4.3.14 BS 6472 suggests that for residential buildings, VDV's between 0.2 and 0.4 m/s1.75 for the daytime, and above 0.13 m/s1.75 for the night-time correspond to a low probability of adverse comment.

4.3.15 BS 6472 is currently under revision. However, there is no information regarding any changes to the limits available at the present time. The current limits stand as a 'habitable' environment, but are not to be seen as necessarily desirable or 'good' quality.


5.1 Noise

5.1.1 It is important to note that the guidance of PPG24 applies to habitable rooms only. Kitchens, bathrooms, and hallways are not counted. Therefore, some room arrangements can reduce the extent of noise control required.

5.1.2 Note that the barrier heights are based on judgements of site topography from our engineer, and are therefore indicative.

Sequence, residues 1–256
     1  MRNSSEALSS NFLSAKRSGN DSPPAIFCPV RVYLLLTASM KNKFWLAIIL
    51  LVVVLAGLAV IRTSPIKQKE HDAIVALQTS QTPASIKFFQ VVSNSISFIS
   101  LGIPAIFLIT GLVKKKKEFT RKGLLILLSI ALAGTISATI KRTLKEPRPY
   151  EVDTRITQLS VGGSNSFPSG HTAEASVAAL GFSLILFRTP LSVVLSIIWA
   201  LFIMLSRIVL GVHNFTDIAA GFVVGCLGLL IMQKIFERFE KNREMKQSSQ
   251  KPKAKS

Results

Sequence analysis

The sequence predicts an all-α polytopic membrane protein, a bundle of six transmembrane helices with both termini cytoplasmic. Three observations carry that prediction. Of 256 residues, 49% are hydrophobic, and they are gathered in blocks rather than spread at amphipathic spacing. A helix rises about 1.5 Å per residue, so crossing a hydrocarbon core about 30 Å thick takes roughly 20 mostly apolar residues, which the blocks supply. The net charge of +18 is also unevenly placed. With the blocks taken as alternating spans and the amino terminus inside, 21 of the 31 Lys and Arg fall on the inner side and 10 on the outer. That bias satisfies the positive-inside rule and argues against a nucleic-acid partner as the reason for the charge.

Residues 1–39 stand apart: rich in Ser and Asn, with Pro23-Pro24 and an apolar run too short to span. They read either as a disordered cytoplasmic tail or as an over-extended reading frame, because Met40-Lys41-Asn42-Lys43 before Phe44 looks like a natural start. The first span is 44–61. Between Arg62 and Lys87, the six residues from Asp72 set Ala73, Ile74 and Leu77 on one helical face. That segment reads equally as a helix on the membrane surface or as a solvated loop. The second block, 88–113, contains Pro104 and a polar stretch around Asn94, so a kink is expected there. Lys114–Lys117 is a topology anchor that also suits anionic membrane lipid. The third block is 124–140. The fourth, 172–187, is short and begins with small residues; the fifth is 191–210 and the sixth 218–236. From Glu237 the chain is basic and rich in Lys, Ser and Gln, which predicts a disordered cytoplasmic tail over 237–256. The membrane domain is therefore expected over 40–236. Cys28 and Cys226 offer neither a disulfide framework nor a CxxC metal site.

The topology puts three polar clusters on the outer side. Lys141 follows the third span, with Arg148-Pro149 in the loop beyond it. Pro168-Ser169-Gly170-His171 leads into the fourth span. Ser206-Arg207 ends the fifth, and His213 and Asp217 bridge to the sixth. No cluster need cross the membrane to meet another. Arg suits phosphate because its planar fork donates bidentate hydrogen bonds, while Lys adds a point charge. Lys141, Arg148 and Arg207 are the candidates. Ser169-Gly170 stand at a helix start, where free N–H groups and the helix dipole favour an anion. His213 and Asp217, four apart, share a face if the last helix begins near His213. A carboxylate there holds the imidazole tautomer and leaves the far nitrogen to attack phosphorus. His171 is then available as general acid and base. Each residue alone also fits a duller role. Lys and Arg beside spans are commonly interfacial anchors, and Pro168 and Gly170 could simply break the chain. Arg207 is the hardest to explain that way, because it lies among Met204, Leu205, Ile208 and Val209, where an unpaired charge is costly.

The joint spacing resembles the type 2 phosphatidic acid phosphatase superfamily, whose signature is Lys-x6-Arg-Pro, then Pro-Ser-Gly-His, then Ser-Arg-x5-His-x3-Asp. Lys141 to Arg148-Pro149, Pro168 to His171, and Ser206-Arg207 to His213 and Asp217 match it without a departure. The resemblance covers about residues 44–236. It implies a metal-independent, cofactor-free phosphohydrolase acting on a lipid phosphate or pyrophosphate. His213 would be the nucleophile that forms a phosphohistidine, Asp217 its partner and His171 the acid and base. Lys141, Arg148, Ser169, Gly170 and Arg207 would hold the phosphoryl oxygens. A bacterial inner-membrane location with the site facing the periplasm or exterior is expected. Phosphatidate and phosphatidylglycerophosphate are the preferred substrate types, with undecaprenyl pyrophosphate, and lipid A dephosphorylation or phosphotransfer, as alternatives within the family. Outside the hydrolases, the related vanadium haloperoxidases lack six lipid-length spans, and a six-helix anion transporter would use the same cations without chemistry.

5.1.3 The frontages of the houses adjacent to the railway are classified as being on the boundary between NEC 'A' and 'B' for the daytime, and NEC 'B' for the night-time, as defined by PPG24. The first floors are subject to higher noise levels due to reduced screening of the railway by the cutting.

5.1.4 PPG24 suggests that the daytime noise level, although acceptable, should not be regarded as a desirable level.

5.1.5 The night-time noise levels indicate that noise control measures are required to ensure an acceptable level of noise. If the boundary of NEC 'A' and 'B' is seen as the required night-time noise level (45 dB(A) LAeq,8hours), then at least 5 dB attenuation is required for the ground floor of the houses, and 8 dB for the first floor.